A watchdog for the copycats

Supermarket brands packaged like the top sellers are under scrutiny, says Nick Walker
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The Independent Online
Last week, during my weekly shop, I stopped in the toiletries aisle and reached for the familiar white shampoo bottle with its familiar green top, its familiar swirl around the logo, around the familiar name ... or not. Instead of my usual shampoo, I found myself holding a supermarket changeling. I felt duped. I wanted Timotei, I got Sainsbury's Johara. Stooopid.

This is exactly what I was, at least, according to Nigel Matthews, group secretary of Sainsbury's. "You would have to be pretty stupid to confuse the two products. Ours clearly says Sainsbury's. We don't think consumers are that stupid." Fair enough. Matthews is supported by a weight of research. According to the Consumers' Association, only 3 per cent of shoppers mistakenly basket lookalike products - or indeed branded products.

An own-brand product with a similar shape, size, colour or logo to the brand-name equivalent is perfectly legal as long as it doesn't confuse or deceive the consumer. This, some say, is the problem. Most other European countries have an unfair competition law. We don't. Customer confusion is not easy to prove. Neutrogena's recent successful case against Neutralia was boosted by customer complaints that attributed an advertisement for Neutralia (in which a nipple was bared) to Neutrogena. Even with this evidence, teams of lawyers still thronged outside supermarkets, waving affidavits at passing shoppers.

Most cases don't reach the courts. Sainsbury's tweaked the design of its Classic Cola cans after complaints from Coca-Cola, just as the supermarket shifted the position of a red mug on the label of its Full Roast Coffee after protests from Nestle. It is, say the brand owners, a case of supermarket sees, supermarket does what it can get away with.

But the on-going battle between supermarket and brand manufacturer could be entering a new chapter. Today sees the announcement of a new code of conduct to control lookalikes. The code comes a week after the British Producers and Brand Owners Group (which failed to have lookalikes banned in last year's Trade Mark Act) repackaged itself in the form of the British Brands Group. The new code has been brokered by the Institute of Grocery Distribution, a body that represents both retailers and manufacturers, along with six members of the British Brands Group.

It is understood that the code involves a dispute procedure. Where the parties still cannot agree, cases will be passed to arbitration. The code is thought to contain guidelines on how far retailers can go in copying colour schemes for own-label product packaging, although any list of dos and don'ts is highly unlikely. "With so many new products coming out, it can be very easy for a manufacturer or a retailer to put their foot wrong," says John Beaumont, chief executive of the institute. "Legal proceedings are not really the way professional organisations should be carrying on."

The supermarkets say the code is merely a reflecting process of negotiations they have been respecting for years. Brand manufacturers, on the other hand, are flexing their muscles and proclaiming victory over retailers, who, they say, only a couple of years ago were refusing to acknowledge there was an issue to be addressed at all. Some in the industry fear the code itself may be useless in any case. It has been noted that the membership of the committee that drafted the code was limited. Others have remarked that the retailers are not going to commit themselves to anything too onerous, pointing out that Tom Vyner, joint managing director of Sainsbury's, is this year's president of the Institute of Grocery Distribution.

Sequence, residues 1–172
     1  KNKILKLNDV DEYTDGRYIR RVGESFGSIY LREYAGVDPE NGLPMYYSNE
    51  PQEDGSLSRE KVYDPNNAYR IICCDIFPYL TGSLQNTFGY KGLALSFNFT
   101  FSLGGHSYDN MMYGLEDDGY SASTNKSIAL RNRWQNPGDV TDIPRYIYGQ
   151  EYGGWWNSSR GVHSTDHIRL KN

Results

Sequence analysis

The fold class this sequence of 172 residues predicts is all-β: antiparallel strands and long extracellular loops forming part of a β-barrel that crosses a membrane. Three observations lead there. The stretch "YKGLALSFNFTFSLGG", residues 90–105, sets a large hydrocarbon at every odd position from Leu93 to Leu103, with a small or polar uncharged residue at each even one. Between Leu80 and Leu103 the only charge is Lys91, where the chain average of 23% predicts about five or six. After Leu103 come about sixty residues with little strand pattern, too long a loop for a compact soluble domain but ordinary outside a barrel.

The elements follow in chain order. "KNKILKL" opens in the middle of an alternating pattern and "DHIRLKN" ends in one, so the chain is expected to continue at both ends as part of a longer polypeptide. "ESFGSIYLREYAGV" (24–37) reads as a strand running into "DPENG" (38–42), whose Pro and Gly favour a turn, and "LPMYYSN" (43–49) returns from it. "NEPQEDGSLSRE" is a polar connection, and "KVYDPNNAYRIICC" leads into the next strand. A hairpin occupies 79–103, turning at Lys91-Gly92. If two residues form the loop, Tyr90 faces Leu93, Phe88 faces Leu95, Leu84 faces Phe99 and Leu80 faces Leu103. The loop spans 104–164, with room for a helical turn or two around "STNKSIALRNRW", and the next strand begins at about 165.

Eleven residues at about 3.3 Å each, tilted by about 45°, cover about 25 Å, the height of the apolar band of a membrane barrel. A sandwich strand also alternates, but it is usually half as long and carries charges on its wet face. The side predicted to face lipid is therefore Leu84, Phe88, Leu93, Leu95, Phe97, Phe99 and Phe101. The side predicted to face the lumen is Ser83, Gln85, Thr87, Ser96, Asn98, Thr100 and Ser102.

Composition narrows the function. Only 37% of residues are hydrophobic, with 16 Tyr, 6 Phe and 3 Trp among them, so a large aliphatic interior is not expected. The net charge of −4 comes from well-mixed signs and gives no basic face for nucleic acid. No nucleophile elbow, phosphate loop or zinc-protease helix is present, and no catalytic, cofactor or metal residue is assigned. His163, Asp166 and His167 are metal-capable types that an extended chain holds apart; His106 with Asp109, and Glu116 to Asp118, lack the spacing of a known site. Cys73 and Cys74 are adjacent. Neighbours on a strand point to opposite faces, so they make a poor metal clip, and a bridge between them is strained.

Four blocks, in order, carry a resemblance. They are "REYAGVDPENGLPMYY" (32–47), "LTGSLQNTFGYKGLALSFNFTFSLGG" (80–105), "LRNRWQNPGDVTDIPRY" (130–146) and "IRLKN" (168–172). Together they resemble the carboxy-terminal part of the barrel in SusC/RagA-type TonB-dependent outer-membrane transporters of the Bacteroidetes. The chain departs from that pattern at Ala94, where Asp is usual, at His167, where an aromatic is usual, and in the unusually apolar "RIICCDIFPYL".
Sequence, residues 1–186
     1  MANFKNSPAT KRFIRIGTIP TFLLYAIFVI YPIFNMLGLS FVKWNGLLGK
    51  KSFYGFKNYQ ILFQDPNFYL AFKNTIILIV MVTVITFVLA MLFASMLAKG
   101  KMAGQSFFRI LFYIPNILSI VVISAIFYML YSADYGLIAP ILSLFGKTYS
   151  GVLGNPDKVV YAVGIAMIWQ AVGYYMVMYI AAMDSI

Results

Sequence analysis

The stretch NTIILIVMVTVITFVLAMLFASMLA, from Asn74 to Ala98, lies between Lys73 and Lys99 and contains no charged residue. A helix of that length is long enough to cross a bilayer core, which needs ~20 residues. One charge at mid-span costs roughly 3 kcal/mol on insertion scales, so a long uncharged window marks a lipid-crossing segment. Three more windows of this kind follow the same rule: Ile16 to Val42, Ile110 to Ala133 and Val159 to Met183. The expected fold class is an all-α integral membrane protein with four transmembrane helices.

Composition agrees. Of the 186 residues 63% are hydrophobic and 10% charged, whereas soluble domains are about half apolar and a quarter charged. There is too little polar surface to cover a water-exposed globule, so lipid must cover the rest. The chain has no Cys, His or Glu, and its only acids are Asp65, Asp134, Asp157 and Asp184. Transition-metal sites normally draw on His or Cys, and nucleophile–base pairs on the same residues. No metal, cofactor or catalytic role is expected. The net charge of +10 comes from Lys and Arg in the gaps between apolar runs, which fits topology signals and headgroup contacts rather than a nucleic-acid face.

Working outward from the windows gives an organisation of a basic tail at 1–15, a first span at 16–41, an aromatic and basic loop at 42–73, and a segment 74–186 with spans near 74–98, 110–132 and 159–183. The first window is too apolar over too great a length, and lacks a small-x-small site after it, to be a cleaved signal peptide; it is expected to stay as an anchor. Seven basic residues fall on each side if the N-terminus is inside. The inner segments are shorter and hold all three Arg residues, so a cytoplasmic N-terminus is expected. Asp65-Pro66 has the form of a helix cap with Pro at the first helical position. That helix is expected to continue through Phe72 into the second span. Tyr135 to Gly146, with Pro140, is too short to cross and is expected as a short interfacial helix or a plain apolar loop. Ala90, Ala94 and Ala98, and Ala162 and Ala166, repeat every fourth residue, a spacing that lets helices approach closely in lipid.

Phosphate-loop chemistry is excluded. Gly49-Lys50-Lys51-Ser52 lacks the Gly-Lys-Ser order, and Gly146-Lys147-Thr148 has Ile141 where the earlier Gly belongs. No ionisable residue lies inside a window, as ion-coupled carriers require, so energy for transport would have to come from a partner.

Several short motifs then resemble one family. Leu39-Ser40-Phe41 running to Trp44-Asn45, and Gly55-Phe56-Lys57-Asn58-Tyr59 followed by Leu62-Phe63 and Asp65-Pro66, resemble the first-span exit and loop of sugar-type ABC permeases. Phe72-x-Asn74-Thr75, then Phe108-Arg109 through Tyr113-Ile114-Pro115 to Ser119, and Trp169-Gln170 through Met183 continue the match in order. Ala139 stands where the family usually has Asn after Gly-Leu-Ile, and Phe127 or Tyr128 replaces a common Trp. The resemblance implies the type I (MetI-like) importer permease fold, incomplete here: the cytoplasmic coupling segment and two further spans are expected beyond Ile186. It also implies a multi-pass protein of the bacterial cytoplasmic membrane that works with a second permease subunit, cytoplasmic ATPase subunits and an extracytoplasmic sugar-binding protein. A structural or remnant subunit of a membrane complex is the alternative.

According to a survey by Mintel published last week, brand owners are failing to convince consumers, particularly the young, of any difference in quality between big-name brands and supermarket own-label products. The new code may be a step in the right direction for brand manufacturers, but with the rise and rise of the supermarket, there is still a long way to go.

What the law says

Passing off is when you filch a competitor's trade by misleading conduct. Who is misled or how doesn't matter. You have to be able to demonstrate that your products have got the "goodwill" of the customer and that they have a reputation. Passing off has got nothing to do with unfair competition. It's very hard to win a case for passing off. The evidence is critical and is often hard to obtain. You have to act very quickly in passing-off cases to get an injunction, but this is very risky as the trader or manufacturer you are suing can claim damages for lost trade if you don't win.

Patents In order for something to be patented it has to be original in some way and an improvement on whatever similar product or process there was before, such as the means of putting a milk carton together. Patents are very expensive to obtain, and usually it is not worth applying unless you have the money to do so internationally and cover every potential market.

Trade marks Any mark distinctive of a product that is capable of being registered can be a trade mark. Generic words and laudatory words are not allowed - The Really Good Tomato Sauce, say. The theory is that no one can privatise words of the English language. Under the Trade Mark Act 1994, anything that is capable of graphic representation can be registered with the Registrar of Trade Marks, but the process can take at least 18 months.